ETNA GREEN — A recent audit for Etna Township has led to the discovery of several instances of noncompliance.
An audit by the Indiana Board of Accounts was completed for the time period from Jan. 1, 2015, to Dec. 31, 2018.
Gary Sponseller, the former Etna Township trustee, resigned July 19, 2019, after moving out of the township area. He served as Etna Township Trustee for 16 years. Etna Township is on the west side of Kosciusko County and includes the town of Etna Green.
The first issue involves money Sponseller must pay back to the township.
According to the exit report for Etna Township completed by the State Board of Accounts, “penalties and interest charges in the total amount of $709.74 and $59.68, respectively, were paid by the township to the Indiana Department of Revenue for delinquent payroll taxes. Additionally, a collection fee was paid to Premiere Credit for a late principal and interest payment in the amount of $259.53.”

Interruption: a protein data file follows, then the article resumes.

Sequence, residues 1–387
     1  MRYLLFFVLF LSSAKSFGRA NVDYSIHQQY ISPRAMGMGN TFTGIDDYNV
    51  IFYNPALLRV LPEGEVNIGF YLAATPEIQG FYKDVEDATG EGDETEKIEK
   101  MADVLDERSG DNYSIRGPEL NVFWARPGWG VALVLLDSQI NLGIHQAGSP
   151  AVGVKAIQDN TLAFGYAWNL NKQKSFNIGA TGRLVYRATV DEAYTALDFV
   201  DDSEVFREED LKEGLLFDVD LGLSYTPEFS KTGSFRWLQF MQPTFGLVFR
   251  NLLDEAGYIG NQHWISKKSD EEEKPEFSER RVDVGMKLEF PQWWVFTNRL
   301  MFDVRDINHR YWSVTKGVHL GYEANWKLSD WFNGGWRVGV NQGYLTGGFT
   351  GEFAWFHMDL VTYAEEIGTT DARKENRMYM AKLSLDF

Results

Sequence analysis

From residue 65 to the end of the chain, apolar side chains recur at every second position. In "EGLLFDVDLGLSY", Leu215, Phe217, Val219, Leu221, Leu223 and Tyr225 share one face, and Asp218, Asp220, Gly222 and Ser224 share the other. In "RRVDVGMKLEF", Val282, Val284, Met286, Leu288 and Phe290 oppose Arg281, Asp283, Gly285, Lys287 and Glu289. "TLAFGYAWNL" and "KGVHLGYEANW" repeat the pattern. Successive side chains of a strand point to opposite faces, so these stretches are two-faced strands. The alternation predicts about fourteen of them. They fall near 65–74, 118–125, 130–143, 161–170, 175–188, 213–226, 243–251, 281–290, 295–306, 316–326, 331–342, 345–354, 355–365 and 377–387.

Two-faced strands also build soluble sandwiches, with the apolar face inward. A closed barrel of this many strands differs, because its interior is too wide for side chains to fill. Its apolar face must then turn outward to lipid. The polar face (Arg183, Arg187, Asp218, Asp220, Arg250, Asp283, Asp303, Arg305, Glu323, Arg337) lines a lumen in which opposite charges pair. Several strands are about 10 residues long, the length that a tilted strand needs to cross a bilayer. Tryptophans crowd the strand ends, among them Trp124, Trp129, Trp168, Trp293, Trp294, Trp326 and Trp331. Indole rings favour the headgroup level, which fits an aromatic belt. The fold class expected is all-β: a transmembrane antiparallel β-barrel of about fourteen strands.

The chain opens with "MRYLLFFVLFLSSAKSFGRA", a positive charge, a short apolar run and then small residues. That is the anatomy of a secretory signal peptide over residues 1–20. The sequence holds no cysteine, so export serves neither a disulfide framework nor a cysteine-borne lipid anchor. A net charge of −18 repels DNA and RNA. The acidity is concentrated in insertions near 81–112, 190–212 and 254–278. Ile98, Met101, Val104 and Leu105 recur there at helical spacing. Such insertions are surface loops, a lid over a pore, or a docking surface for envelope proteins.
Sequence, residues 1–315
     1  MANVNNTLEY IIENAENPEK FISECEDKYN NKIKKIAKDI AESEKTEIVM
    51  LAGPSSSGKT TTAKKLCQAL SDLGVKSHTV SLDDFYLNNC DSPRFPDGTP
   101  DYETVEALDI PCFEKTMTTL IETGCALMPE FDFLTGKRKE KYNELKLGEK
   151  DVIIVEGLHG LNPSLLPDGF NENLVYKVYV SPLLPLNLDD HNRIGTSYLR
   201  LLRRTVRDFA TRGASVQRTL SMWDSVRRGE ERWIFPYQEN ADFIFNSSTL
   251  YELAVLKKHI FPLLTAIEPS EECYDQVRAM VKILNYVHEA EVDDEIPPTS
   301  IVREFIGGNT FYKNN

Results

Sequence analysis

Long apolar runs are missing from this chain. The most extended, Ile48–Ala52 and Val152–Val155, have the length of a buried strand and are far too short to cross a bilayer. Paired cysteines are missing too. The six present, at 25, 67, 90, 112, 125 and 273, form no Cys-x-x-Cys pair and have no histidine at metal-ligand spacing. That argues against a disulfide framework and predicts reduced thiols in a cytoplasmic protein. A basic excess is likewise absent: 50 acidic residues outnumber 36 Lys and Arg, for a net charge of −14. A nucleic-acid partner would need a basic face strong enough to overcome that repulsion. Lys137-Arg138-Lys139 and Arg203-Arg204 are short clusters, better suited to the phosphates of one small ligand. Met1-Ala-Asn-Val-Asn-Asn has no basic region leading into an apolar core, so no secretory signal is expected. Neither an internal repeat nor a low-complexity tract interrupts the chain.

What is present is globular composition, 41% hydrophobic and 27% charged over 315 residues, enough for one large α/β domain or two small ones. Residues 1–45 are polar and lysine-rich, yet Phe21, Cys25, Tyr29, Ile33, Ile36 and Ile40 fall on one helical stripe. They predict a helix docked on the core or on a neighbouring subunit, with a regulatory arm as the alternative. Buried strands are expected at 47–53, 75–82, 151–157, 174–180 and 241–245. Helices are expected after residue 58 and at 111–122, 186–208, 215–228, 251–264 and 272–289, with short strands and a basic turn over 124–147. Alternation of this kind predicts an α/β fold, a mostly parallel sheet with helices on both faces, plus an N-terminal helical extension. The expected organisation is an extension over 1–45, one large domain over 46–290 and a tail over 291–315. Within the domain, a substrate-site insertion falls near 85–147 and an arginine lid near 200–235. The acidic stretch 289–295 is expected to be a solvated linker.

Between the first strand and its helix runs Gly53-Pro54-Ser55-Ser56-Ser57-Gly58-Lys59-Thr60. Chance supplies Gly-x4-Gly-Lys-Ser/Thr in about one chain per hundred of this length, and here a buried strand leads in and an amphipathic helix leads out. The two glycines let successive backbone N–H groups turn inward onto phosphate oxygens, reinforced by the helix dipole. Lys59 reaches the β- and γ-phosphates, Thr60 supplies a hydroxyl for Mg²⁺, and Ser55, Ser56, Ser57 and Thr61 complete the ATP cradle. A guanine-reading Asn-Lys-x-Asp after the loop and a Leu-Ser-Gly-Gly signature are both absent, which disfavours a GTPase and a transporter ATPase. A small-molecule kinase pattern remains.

These funds were taken from the township’s general fund. The report states that “any penalties, interest or other charges paid by the unit may be the personal obligation of the responsible official or employee.”
The second instance involves two instances when the township’s annual financial report was submitted late. The report states that “the township’s annual financial report for 2015 and 2018 was not filed electronically until April 4, 2016; and March 23, 2019, respectively, which was 35 and 22 days past the due date.”
Hourly and part-time employee compensation was also not made available for audit for 2015 and 2016. According to the report, “all compensation and benefits paid to officials or employees must be included in the labor contract, salary ordinance, resolution or salary schedule adopted by the governing body unless otherwise authorized by law.”
Two other issues addressed in the report discuss internal control standards. During the audit period, the township did not provide required training for personnel whose official duties included actions with township funds such as receiving and processing.
Etna Township also had not adopted the acceptable minimum level of internal control standards as defined by the Indiana State Board of Accounts. The report’s rationale regarding the issues says that personnel received training subsequent to the audit period and that the township also adopted a policy regarding internal control standards subsequent to the audit period.